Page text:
DJ Kool Herc

2007 Grand Marshal

The Legendary DJ Kool Herc is consistently credited as the Founder of Hip-Hop. His mastery at the turntables is known worldwide, as are his positive contribution to the evolution of Hip-Hop culture.

Herc has received a lot of recognitions including being highlighted in the Rock and Roll Hall of Fame Museum in 1995. The people’s Hall of Fame Award and Certificate from Governor Mario Cuomo were given to Herc in 1994 for establishing the roots of Hip-Hop in the City of New York.

Herc portrayed himself in the 1984 Hollywood movie “Beat Street.” Produced by Harry Belafonte, David Picker and directed by Stan Lathan.

Herc also, wrote the introduction to the book “Can’t Stop Won’t Stop.”  A History of the Hip-Hop Generation. Written and released in 2005 by Author Jeff Chang. The book also received the American Book Award and translated into several languages.

Herc is always being profiled in countless magazines and books on Hip-Hop Culture.

In the article, THEY MADE NEW YORK of THE NEW YORK TIMES STYLE MAGAZINE, September 2015 issue, DJ Kool Herc was featured as one of the people who defined New York’s inimitable and electrifying cultural scene of the 1970’s and early ‘80’s.

In 2007, DJ Kool Herc and his sister Cindy contributed to having 1520 Sedgwick Avenue housing to remain affordable.

The United States of America Congressional Records Proceedings and Debate of the 110th Congress First Session recognized DJ Kool Herc and Cindy for their achievements.

For the first time, the prestigious Vanity Fair November 2005 issue Magazine, gave Hip-Hop a great acknowledgment by recognizing the Kings and Queens of Hip-Hop.  Herc received a 2-page spread in the magazine for the innovation of Hip-Hop Culture.

On October 12th, 2004 VH-ONE honored DJ Kool Herc as the Founder of Hip-Hop on their first Hip-Hop Pioneer Award Show.

The May 2002 issue of Time Magazine credited Herc for being an innovated music founder of Hip-Hop, along with Elvis Presley for Rock ‘N’ Roll, Louis Armstrong for Jazz and Bill Monroe for Bluegrass. The creation of all this music came from the United States of America. and Kool Herc’s musical genius creation places him in a category of being a Living Legend.

The New Yorker Magazine's issue of April 2003 featured 35 Years of New York’s Greatest had credited DJ Kool Herc as one of the 100 people who changed New York.

Entertainment Weekly awarded Herc for “Inventing” Hip-Hop, in the seventies in their May 1999 issue Magazine of the Greatest Moments in Rock.

The Source Magazine 1999 Hip-Hop Music Awards honored Kool Herc with the “Hip-Hop Pioneer” Award.

Herc was featured in the 2002 Brooklyn Museum of Art’s exhibition entitled, “Hip-Hop” Nation: Roots, Rhymes, and Rage.

DJ Kool Herc story began in the Town of Kingston, Jamaica W.I. – the home of such musical Legends as Bob Marley & Rita Marley and the Marley family, Sir Coxsone, Big Youth, Lee Scott Perry, Shaggy Marcia Griffith, Shaba Ranks and many others.

Herc was heavily influenced by the music of his native Jamaica and also the sounds of American music. He was introduced to the sounds of James Browm – His major influence – and Motown music. Herc’s ears were already meshing the two musical traditions, Jamaican toasting, (along - established Jamaican musical tradition of “rapping” over the music.) with the funk and soul of Black America.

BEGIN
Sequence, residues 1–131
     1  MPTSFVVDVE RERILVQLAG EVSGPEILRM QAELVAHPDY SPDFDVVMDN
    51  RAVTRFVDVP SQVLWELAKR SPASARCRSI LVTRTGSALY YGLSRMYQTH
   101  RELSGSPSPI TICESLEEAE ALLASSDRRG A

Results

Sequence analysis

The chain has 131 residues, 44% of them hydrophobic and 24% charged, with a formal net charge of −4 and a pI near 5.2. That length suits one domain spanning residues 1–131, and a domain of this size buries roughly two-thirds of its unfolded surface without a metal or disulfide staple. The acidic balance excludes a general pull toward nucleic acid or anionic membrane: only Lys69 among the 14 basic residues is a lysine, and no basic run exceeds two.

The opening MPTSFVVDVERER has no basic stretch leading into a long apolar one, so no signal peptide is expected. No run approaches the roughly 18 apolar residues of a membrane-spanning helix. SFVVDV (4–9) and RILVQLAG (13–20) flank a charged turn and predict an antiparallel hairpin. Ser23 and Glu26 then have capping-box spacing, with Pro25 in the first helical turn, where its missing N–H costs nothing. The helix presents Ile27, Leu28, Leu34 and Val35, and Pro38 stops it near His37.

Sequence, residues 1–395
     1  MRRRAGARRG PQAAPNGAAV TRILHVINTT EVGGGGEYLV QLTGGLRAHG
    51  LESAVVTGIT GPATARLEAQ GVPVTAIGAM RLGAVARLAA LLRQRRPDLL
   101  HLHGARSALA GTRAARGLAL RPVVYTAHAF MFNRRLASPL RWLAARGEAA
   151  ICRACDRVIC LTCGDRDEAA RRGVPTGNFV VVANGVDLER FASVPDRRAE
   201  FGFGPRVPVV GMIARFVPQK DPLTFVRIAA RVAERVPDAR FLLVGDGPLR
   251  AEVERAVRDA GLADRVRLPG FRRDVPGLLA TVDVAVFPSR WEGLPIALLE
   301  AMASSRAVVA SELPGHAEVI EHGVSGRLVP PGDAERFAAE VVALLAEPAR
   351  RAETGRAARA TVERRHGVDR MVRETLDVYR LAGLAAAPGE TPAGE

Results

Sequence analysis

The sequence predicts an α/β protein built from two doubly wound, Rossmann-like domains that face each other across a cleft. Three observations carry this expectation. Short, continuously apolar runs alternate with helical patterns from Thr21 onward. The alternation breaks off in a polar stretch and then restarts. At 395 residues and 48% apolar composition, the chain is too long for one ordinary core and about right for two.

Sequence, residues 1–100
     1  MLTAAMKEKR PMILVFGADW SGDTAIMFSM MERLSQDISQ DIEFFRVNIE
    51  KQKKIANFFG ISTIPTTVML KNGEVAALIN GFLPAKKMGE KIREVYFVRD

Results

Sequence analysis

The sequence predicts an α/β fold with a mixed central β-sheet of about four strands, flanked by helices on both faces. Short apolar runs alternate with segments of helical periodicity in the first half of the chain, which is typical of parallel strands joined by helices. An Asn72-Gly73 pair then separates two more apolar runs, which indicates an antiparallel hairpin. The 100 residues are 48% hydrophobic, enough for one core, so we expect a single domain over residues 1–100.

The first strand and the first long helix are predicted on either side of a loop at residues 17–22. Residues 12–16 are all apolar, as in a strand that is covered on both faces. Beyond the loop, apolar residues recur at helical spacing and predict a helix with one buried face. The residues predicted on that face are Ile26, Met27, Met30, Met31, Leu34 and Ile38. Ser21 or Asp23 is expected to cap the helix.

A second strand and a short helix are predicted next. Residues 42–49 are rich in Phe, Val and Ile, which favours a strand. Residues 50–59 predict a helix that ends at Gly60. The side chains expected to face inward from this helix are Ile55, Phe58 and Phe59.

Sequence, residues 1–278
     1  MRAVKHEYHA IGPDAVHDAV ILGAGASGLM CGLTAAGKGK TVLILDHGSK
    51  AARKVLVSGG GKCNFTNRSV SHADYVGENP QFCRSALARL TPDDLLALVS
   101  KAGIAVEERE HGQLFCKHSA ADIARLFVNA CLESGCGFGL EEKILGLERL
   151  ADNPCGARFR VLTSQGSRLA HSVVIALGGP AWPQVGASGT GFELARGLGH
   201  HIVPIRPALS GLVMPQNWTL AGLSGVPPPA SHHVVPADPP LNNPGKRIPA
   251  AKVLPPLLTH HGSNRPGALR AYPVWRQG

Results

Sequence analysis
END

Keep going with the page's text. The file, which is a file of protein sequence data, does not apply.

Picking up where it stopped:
When, Herc moved to the Bronx, after leaving Jamaica. His love for music continued and an interest in DJ'ing began. He attempted to incorporate his Jamaican style of DJ'ing which involved reciting improvished rhymes with the dubbed version of his reggae records. His style evolved to using instrumental and percussion section of the day’s popular music. In 1973 August, 11th.  Herc DJ'd a back to school party for his sister, Cindy, which was held at 1520 Sedgwick Avenue in the recreational room, on the west side of the Bronx, New York City.

It was there that a musical revolution was conceived when DJ Kool Herc adapted his style to American Funk & Soul. He developed a method for keeping the music going at the breaks in the records. Because these breaks were relatively short, he extended them on two turntables.

Herc’s popularity rose by playing long sets of assorted rhythm breaks strung together. Unlike any of his DJ counterpart,  Herc isn’t a rapid rapper who keeps your head spinning with a patter, but he is a musical innovator on the turntables. In fact, he first introduced using two turntables to make the beats last longer. This created the illusion of one long break for the B-Boys to show off their skills.

Until Herc labeled them so, there were no B-Boys . The B-Boys, Breaking Boys, would go off to the breakbeats Herc would play.

Herc also brought the Jamaican style of calling out the names of the dancers – the sort rhythmical pattern that would eventually be set to rhymes, now known as rapping and picked up by other MC’s. Little did he know what a visionary he had become. Herc’s style and sound system sound caught on and was copied by many DJ’s and MC’s.

Though his role as the inventor of the hip-hop phenomenon, which is known worldwide, the Bronx is still home base for DJ Kool Herc.He is still active on the DJ circuit. And you can find him spinning throughout the United States and worldwide including the U.K., Luxembourg, Germany, Switzerland, France, Ireland, The Netherlands, Holland, Amsterdam, Australia, Denmark, and Italy.

DJ Kool Herc is currently scouting to bring his sound to other areas around the Globe.

For more information, please visit